It’s Monday What Are You Reading? 1/11/16

It’s Monday! What Are You Reading? is a meme started by Book Journey. The folks over at Teach Mentor Texts and Unleashing Readers have given it a children’s/YA spin. I thought it would be a fun way to recap last week’s reading and give a sneak peek of my TBR pile.

It has been one of those days where many things went wrong, I drank loads of pop to make it through, and then I changed into pajama pants and ate five handfuls of M&Ms as soon as I got home. So this will be short and sweet 🙂

Last Week’s Books:

The Secret Hum of a Daisy by Tracy Holczer is such a heartprint book for middle schoolers. When 12 year-old Grace’s mother dies, she must go live with the grandmother who turned her back on her pregnant teenage daughter after a devastating car accident took the lives of her husband and Grace’s father. To see them wrestle with creating a relationship in the midst of their grief and face the problems of the past is great-wrenching.


Red Madness: How a Medical Mystery Changed What We Eat by Gail Jarrow was an incredibly engaging work of literary nonfiction. Jarrow telles a fascinating tale of the disease pellagra and countless doctors’ search for the cause and cure. Her research was extensive, and she shows it through thorough citing of sources and an explanation of source materials. This book counts for my Read Harder Challenge 2016–nonfiction book about science.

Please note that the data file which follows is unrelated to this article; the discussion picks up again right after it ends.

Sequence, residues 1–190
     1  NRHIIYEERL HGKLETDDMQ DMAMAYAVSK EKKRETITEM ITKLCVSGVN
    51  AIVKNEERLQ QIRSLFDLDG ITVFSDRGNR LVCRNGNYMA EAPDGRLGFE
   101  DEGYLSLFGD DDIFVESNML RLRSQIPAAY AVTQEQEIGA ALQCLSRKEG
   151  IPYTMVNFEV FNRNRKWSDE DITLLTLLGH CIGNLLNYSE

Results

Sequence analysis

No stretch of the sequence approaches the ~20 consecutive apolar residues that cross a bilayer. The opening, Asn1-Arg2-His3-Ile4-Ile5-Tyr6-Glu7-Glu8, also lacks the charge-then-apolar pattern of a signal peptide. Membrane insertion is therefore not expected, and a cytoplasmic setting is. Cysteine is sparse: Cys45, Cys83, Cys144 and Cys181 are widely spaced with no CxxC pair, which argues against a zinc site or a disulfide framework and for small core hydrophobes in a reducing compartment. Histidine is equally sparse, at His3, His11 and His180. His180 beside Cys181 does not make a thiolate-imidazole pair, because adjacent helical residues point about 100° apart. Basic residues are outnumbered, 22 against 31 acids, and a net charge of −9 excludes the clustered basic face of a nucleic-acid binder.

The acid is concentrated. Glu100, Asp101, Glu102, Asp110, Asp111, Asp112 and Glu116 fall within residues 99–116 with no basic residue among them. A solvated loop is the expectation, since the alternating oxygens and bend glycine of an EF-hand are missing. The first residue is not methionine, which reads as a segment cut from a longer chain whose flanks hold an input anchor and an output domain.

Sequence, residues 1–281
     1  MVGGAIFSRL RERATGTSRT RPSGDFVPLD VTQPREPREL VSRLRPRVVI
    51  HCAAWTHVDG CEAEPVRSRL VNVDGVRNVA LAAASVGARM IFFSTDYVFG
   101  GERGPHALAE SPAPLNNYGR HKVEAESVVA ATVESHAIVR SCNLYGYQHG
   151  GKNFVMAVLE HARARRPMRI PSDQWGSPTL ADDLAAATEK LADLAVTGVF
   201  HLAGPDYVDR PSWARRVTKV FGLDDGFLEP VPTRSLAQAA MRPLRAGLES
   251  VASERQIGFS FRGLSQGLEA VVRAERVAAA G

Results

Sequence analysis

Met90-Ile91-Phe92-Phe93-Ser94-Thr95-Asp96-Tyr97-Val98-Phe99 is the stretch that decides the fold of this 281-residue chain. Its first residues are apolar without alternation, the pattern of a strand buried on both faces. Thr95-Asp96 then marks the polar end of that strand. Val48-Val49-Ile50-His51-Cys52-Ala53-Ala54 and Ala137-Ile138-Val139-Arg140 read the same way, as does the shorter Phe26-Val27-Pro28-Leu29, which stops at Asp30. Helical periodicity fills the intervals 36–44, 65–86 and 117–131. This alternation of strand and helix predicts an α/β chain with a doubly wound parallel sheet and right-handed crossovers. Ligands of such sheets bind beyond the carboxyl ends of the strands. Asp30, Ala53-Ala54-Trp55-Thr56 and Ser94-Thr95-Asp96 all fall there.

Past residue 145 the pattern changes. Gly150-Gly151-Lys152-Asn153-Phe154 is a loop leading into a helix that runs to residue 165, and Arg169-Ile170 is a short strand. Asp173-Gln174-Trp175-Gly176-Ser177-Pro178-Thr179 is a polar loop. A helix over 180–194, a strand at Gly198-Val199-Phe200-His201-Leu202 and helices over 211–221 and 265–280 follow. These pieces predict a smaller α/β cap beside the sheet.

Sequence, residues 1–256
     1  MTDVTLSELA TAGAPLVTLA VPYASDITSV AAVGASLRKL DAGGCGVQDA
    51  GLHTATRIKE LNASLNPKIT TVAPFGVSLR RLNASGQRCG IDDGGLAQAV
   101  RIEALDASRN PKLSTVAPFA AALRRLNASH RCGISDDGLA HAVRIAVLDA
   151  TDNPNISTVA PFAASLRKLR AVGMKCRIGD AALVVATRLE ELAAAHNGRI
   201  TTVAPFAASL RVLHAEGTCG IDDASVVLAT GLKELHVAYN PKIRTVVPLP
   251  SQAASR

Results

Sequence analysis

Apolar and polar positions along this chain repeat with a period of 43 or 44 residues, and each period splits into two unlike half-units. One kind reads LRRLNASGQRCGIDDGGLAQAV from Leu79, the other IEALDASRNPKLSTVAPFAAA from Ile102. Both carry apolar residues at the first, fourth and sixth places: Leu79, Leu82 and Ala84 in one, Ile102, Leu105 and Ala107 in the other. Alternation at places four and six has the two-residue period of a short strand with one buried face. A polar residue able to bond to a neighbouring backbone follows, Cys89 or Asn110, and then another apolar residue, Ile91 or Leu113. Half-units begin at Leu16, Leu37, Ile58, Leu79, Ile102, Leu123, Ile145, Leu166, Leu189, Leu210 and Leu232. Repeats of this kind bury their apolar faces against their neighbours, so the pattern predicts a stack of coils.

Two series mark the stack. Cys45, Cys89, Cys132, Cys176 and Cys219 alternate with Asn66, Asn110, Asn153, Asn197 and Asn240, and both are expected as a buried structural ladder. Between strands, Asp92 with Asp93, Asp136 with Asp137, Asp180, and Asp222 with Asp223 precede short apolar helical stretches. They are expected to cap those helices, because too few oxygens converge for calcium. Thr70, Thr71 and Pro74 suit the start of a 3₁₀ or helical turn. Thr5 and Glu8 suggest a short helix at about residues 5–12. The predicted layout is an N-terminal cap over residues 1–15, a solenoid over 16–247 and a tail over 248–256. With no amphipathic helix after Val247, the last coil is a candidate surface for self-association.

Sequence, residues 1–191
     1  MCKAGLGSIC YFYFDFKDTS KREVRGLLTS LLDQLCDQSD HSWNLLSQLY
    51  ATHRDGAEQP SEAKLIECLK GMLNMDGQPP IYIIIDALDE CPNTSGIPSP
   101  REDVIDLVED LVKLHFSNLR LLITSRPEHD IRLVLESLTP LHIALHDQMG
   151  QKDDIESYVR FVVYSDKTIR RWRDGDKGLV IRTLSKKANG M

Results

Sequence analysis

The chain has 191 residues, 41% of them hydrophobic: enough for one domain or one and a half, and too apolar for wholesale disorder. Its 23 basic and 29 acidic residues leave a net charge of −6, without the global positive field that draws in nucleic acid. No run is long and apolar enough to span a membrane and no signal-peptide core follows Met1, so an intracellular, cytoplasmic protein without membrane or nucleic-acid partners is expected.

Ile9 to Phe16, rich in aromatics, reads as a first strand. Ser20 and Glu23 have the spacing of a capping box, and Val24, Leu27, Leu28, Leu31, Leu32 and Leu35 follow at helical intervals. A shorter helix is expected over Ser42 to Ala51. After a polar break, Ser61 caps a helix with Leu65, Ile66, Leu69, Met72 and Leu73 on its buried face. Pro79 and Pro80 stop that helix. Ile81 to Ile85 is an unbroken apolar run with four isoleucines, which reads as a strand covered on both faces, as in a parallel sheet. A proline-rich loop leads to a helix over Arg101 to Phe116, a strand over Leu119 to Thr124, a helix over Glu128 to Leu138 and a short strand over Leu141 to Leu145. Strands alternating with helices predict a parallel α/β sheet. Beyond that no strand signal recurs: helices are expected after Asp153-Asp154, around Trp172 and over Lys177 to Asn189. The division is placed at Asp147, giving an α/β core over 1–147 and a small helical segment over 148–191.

Secrets of Shakespeare’s Grave by Deron R. Hicks is a wonderfully classic mystery set in modern times. Twelve-year-old Colphon Letterford must work with black sheep of the family Uncle Julian to find a family treasure and save her father’s control of their centuries-old publishing business. Full of engaging clues, peril, and an ever-looming deadline, this mystery is sure to delight. I’m glad it is the first book in a series 🙂

Currently reading/Listening To:

On Deck:

 

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7 thoughts on “It’s Monday What Are You Reading? 1/11/16

  1. I actually read an adult nonfiction title that touched on pellagra, “52 loaves” by William Alexander. What a fascinating episode in history, and something I’d never heard about before! I’m glad that nonfiction titles are becoming so varied in their topics, there really is a book now on almost anything you can imagine, and all sorts of things you can’t. Fascinating stuff.

    1. I had never heard of it before either, and I had to stop myself more than once from googling “pellagra” so that my knowledge could unfold with the mystery. I agree that we are living in interesting nonfiction times.

  2. I envy how you are making lovely headway with your Book Riot Read Harder Challenge – I think I’ve only gotten past one book out of 24 – soon! It will come! 🙂

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